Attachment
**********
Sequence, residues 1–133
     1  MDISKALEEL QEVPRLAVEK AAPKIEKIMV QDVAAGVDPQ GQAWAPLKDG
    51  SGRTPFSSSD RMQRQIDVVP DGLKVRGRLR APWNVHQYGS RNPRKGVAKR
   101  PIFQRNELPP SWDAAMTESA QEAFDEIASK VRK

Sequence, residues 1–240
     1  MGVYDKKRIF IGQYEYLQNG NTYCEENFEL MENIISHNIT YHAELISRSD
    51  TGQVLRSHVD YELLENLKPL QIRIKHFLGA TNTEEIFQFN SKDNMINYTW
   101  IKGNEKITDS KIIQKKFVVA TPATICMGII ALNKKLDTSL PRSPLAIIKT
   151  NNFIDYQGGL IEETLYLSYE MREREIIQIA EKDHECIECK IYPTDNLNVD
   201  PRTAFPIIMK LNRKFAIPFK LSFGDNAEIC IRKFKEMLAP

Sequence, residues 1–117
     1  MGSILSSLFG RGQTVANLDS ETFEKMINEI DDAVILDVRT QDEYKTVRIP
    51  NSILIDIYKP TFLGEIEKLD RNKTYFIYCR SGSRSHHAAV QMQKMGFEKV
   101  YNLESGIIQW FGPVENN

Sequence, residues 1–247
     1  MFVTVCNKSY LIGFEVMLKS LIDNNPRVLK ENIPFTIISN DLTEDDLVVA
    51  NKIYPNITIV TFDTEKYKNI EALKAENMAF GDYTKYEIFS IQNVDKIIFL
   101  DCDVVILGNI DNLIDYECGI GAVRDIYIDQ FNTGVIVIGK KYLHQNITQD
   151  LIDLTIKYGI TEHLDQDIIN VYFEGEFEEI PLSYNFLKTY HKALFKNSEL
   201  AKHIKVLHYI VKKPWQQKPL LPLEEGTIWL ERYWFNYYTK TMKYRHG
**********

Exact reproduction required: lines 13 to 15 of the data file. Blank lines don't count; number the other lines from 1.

    51  NSILIDIYKP TFLGEIEKLD RNKTYFIYCR SGSRSHHAAV QMQKMGFEKV
   101  YNLESGIIQW FGPVENN

Sequence, residues 1–247